Samsung's (NASDAQOTH:SSNLF) latest flagship smartphones, the Galaxy Note 5 and Galaxy S6 Edge+, made their debuts less than two months ago, but the South Korean tech giant is already offering aggressive incentives. Now through the end of the year, Samsung will pay Galaxy buyers up to $120 when they purchase new handsets, effectively reducing the phone's price. The deal is even more enticing if they're coming from one of Apple's (NASDAQ:AAPL) iPhones.
While it could prove attractive to would-be smartphone buyers, and could sway some purchase decisions, it also highlights the continued challenges Samsung's smartphone business faces.
Samsung continues to try and convert iPhone owners
Only U.S. smartphone buyers qualify for the deal, and only when they purchase the phone through an installment plan or leasing program. Given the steady decline of two-year contracts, this isn't a significant hurdle, but it is slightly different than an across-the-board price cut. At the same time, the handset must be purchased from Sprint, Verizon, T-Mobile, or US Cellular. AT&T is notably excluded, but that's still tens of millions of potential buyers.
For those who qualify, Samsung will pay the monthly cost of a handset through the end of the year, up to $120. The deal is also available to Galaxy S6 and Galaxy S6 Edge buyers, but the more expensive Note 5 and S6 Edge+ offer the potential for greater savings. Buyers coming from an iPhone who pre-register for the deal and then trade their iPhones in to their carriers receive an additional $100 in the form of Google Play store credit. That could be used to ease the ecosystem transition, allowing them to repurchase apps, music, movies or TV shows from iTunes they may have had to abandon.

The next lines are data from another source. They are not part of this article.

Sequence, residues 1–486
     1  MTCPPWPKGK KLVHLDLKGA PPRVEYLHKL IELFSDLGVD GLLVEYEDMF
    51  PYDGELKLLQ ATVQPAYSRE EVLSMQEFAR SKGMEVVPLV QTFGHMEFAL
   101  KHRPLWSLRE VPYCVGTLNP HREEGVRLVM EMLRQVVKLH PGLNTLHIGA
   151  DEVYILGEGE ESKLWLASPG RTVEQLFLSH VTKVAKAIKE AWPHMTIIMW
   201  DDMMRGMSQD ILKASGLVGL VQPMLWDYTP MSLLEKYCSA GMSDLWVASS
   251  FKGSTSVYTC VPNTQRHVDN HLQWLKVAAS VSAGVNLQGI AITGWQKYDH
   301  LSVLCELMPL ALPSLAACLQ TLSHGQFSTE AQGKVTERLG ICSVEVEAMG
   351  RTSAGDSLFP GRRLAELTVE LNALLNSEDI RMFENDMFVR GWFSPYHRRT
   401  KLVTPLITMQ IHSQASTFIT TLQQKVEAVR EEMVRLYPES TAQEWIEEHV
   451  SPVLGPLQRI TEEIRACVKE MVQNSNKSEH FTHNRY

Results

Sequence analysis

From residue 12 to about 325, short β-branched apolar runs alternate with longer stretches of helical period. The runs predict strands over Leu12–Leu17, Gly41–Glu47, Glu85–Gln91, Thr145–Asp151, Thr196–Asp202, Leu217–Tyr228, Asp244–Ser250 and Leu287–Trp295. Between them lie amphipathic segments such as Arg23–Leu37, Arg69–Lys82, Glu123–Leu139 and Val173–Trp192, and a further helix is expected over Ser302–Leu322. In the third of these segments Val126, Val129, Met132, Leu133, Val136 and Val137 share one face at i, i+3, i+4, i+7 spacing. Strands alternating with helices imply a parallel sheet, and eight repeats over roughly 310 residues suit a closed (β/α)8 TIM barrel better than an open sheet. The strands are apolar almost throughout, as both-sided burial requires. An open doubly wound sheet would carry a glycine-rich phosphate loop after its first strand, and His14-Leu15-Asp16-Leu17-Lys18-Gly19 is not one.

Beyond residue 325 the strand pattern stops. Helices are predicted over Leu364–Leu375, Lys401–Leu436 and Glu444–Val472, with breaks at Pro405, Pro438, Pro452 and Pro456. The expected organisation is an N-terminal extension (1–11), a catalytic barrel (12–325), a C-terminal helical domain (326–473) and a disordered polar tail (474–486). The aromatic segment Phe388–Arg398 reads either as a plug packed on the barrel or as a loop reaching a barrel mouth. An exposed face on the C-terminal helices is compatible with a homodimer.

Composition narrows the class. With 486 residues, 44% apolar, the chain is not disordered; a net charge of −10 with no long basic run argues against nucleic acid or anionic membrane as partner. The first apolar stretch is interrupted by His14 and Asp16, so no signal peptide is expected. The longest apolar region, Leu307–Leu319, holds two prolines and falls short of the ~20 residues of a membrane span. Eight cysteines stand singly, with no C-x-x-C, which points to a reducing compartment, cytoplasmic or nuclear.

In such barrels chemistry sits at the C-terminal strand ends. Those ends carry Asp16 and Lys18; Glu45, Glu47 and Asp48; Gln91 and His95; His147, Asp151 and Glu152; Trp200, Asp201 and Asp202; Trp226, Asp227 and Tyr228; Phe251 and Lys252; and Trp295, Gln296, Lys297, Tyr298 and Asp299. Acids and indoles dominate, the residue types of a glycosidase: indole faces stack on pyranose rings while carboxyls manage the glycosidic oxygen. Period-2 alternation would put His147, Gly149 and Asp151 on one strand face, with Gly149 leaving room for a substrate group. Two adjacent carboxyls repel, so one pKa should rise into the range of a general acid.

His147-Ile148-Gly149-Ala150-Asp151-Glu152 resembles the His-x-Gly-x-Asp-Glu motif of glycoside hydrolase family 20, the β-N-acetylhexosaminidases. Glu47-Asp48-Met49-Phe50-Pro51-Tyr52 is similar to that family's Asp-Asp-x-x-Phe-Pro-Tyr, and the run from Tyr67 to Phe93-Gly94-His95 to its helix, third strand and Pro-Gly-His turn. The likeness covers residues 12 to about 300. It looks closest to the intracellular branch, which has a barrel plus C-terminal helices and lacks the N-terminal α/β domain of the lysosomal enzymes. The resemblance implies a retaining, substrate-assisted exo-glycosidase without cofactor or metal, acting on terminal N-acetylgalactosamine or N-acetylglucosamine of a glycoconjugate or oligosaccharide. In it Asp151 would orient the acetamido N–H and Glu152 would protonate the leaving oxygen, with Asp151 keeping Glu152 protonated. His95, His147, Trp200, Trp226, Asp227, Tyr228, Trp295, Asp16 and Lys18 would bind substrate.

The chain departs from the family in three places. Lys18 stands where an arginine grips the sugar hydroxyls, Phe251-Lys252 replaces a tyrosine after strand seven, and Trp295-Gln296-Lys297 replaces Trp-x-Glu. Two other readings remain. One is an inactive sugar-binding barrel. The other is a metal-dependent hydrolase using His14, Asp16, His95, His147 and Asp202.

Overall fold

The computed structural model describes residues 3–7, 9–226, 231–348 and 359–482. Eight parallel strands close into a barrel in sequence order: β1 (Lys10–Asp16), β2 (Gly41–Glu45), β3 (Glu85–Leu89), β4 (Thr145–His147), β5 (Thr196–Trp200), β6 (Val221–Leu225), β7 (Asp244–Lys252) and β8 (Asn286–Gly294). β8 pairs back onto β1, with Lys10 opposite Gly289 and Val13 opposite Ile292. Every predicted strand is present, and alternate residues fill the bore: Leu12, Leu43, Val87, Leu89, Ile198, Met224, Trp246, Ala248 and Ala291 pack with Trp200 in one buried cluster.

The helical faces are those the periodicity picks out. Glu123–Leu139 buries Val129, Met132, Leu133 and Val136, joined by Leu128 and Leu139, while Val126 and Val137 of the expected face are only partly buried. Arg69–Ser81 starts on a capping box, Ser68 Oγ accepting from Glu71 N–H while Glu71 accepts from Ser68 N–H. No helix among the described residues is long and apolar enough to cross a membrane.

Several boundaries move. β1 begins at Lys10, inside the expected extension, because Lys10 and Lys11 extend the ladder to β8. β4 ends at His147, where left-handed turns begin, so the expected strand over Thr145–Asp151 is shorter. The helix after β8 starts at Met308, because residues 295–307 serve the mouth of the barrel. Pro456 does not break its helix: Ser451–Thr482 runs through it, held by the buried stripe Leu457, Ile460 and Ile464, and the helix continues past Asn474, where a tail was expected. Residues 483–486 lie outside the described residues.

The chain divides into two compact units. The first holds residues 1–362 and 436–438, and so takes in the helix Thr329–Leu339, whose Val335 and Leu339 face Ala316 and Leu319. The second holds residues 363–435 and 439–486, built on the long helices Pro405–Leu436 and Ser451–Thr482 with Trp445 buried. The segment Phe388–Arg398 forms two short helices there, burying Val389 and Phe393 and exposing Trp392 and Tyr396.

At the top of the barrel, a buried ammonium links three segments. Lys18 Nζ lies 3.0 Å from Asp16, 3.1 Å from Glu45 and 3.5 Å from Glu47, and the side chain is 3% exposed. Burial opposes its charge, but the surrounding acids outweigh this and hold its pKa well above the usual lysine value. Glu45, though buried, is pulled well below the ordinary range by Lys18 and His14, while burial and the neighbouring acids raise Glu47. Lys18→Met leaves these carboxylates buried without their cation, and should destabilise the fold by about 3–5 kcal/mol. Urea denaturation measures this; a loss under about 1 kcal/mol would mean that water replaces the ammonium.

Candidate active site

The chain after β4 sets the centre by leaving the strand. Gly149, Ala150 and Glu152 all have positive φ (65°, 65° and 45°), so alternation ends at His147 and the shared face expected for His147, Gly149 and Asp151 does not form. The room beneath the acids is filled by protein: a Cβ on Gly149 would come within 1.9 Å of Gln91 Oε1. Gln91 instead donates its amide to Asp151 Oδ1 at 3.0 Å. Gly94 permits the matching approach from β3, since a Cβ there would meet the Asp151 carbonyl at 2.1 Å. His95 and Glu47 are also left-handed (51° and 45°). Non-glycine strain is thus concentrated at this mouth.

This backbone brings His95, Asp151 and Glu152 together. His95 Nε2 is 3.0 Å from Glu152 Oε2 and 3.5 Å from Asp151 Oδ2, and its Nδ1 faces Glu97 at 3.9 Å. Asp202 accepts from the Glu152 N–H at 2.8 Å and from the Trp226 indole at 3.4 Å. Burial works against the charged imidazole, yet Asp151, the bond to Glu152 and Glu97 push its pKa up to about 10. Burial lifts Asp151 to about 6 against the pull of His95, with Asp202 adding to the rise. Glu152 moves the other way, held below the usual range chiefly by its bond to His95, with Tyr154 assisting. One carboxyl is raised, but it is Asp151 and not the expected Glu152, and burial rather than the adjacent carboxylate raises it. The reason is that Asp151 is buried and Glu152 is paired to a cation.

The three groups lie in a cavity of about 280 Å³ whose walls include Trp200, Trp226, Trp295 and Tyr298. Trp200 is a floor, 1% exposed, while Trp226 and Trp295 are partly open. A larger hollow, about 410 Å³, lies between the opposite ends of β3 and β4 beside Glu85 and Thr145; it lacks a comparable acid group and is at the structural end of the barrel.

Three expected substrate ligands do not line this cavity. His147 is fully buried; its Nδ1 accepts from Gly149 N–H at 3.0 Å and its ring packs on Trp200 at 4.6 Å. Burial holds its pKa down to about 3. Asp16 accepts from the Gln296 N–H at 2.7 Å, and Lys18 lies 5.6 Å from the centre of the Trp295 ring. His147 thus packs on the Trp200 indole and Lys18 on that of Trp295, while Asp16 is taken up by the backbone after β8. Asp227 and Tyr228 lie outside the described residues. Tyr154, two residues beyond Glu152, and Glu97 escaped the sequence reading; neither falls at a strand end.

The deal is similar to the test drive program Samsung offered to iPhone owners in August. Then, Samsung offered iPhone owners the chance to use one of its Galaxy smartphones for 30 days -- all they had to do was pay $1. If they liked the phone and wanted to keep it, however, they'd be charged the full price. This deal may be more enticing to consumers already considering a switch.
The struggling Galaxy business
Samsung's smartphone business has been challenged in recent months, as Apple has matched its larger screens and Chinese rivals have offered cheaper Android handsets. In the second quarter, Samsung shipped just 73.2 million handsets, down 2.3% year-over-year according to IDC. That slump may appear modest, but all other major smartphone makers, including Apple, experienced notable gains. Aggressive promotions could help Samsung's sales rebound in the quarters to come, but at the expense of its profitability.
Last week, Samsung announced that its third-quarter operating profit would come in significantly higher than last year, up about 80% to $6.3 billion. But that's still down from the third quarter of 2013, when Samsung generated $9.6 billion. Samsung's stronger earnings appear to be coming more from its components and chip businesses rather than its mobile unit. Unfortunately, Samsung didn't break out the performance of its mobile unit in its guidance, but slumping sales make the prospect of a major rebound unlikely. If Samsung's mobile business was performing better, aggressive deals wouldn't be needed.